A Beautiful Song: Sarah Vaughan

Five minutes you won’t regret spending on YouTube if you are a fan of wonderful singing (operatic, jazz or otherwise). Sarah Vaughan singing Errol Gardner’s “Misty.” Yes, I know she had the most operatic voice of any jazz singer, and that’s perhaps what first drew me to her, but her way with a lyric, her style as a singer, and that ardent restraint keep me listening.

(And she had a cold, which you can tell–and still gives a performance like this!)

A Little Song: Riverwalk Jazz Streams Courtesy of Stanford

The Stanford University Library has gotten the archive for “Riverwalk Jazz,” a public radio show focused on pre-WWII jazz. Faced with the challenge of how to make this accessible, they came up with a creative answer, namely to become a little streaming radio station.

From their site,

Sidney Bechet, 1897-1959. Pre-war jazz at its best.
Sidney Bechet, 1897-1959.

The radio webcast approach to providing access to archival sound recordings is new at Stanford Libraries. For years, we have been providing on-demand streaming access to media collections, like Buckminster Fuller, Lynn Hershman’s !Women Art Revolution, and David Hamburg’s Preventing Genocide. With Riverwalk Jazz, for the first time Stanford Libraries is presenting audio content from its collections like a licensed radio station. We are excited to consider how to extend this delivery model for more collections of audio and video material!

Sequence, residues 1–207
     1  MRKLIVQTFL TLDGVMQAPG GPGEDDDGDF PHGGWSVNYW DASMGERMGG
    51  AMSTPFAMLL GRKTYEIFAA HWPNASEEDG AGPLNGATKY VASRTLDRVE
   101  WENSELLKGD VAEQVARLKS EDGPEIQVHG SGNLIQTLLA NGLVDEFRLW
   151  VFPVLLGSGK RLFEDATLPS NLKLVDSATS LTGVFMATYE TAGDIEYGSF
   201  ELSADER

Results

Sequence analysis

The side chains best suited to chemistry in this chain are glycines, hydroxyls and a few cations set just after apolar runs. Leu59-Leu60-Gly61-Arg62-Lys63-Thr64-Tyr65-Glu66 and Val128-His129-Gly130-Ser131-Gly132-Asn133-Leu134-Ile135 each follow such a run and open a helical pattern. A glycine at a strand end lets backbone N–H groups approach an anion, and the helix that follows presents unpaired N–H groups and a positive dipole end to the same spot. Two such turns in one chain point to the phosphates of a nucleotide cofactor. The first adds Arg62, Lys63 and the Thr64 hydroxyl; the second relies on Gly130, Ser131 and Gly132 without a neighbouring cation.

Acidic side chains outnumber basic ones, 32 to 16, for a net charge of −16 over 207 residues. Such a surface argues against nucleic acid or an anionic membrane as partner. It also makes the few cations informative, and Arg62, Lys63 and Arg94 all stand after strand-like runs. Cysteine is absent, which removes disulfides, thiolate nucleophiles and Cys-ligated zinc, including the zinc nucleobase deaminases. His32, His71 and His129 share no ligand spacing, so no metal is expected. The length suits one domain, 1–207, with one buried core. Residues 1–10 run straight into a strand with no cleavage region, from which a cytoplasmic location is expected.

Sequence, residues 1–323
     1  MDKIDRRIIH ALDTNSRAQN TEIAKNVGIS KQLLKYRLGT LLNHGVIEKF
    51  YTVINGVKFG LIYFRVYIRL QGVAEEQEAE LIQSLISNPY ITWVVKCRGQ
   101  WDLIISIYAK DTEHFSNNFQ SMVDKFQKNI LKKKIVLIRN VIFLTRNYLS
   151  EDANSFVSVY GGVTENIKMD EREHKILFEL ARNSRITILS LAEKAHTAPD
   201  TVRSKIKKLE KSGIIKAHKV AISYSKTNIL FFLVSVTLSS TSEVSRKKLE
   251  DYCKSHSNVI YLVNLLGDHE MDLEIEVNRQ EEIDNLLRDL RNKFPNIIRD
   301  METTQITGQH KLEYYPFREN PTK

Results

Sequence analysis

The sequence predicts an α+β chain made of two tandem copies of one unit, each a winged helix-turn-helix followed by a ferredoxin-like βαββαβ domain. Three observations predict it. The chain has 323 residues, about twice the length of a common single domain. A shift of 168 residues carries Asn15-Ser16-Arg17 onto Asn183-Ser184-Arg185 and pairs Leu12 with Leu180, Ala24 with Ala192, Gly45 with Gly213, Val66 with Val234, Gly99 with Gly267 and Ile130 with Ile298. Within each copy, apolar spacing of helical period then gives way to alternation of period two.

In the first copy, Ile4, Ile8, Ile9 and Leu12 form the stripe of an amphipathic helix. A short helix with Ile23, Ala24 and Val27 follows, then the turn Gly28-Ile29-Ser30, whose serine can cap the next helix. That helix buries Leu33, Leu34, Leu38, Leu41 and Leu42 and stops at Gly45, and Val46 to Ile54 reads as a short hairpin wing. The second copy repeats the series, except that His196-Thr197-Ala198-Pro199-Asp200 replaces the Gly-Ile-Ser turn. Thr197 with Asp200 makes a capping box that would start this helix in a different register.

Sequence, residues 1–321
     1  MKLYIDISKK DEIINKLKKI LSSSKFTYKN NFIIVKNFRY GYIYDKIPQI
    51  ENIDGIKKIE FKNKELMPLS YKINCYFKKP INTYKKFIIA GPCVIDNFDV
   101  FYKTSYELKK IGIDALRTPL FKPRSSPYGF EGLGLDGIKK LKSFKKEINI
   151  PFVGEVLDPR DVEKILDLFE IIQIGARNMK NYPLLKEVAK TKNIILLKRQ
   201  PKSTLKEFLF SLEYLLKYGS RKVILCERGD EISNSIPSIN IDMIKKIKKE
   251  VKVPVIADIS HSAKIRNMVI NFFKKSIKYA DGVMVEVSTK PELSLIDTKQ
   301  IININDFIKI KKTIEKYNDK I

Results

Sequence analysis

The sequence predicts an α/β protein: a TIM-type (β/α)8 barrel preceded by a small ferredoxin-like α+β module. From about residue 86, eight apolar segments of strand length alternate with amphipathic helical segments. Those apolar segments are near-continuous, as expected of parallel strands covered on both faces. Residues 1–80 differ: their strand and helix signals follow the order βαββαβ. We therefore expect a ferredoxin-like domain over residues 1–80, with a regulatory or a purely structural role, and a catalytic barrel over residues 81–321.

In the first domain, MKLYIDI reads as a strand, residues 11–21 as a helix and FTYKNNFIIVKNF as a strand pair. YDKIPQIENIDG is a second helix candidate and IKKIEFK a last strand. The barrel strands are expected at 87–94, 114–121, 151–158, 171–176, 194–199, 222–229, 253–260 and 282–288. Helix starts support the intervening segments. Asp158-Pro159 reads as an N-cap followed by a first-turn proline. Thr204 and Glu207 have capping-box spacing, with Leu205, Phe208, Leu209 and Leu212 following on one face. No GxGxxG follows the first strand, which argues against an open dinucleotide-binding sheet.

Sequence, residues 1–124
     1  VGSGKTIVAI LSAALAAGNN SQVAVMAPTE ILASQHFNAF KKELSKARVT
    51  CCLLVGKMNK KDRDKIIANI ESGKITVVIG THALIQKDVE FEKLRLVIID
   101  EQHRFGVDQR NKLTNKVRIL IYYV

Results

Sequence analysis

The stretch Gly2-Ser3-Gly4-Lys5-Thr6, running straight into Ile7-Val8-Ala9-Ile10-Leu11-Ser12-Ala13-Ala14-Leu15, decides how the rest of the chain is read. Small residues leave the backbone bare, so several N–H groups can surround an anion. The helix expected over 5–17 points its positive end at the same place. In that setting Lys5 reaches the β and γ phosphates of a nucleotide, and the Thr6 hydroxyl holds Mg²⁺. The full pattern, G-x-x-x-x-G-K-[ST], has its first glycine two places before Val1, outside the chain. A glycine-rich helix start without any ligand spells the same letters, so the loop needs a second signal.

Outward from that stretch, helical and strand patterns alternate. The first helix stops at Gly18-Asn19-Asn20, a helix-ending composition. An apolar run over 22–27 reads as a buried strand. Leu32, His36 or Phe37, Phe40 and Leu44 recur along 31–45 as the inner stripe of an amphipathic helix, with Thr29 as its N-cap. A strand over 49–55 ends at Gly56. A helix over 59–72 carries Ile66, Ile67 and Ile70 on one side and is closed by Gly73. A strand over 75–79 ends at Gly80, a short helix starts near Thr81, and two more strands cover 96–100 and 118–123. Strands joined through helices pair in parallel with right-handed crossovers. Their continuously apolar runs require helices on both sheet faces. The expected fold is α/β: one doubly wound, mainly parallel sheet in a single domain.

Nice public service, and given that making the entire archive searchable and streaming on demand by individual song would probably be prohibitively expensive, this is a clever solution.

Screen Shot 2013-01-23 at 9.27.26 AMAnd if this doesn’t slake your thirst for early jazz, WGBH radio has put up some of “The Jazz Decades,” the late Ray Smith’s weekly hour of spinning albums, while chatting amiably and knowledgeably. Jazz Decades and Riverwalk made a nice Sunday night line up for me for many years. (And if you really want to overdo the nostalgia, you can mosey over to Syracuse’s WRVO and their old-time radio show, “Tuned to Yesterday,” now a podcast, where Macbeth, The Great Gildersleeve, and X Minus One rub shoulders.) And yes, I realize that “Tuned to Yesterday” describes this blog rather too well.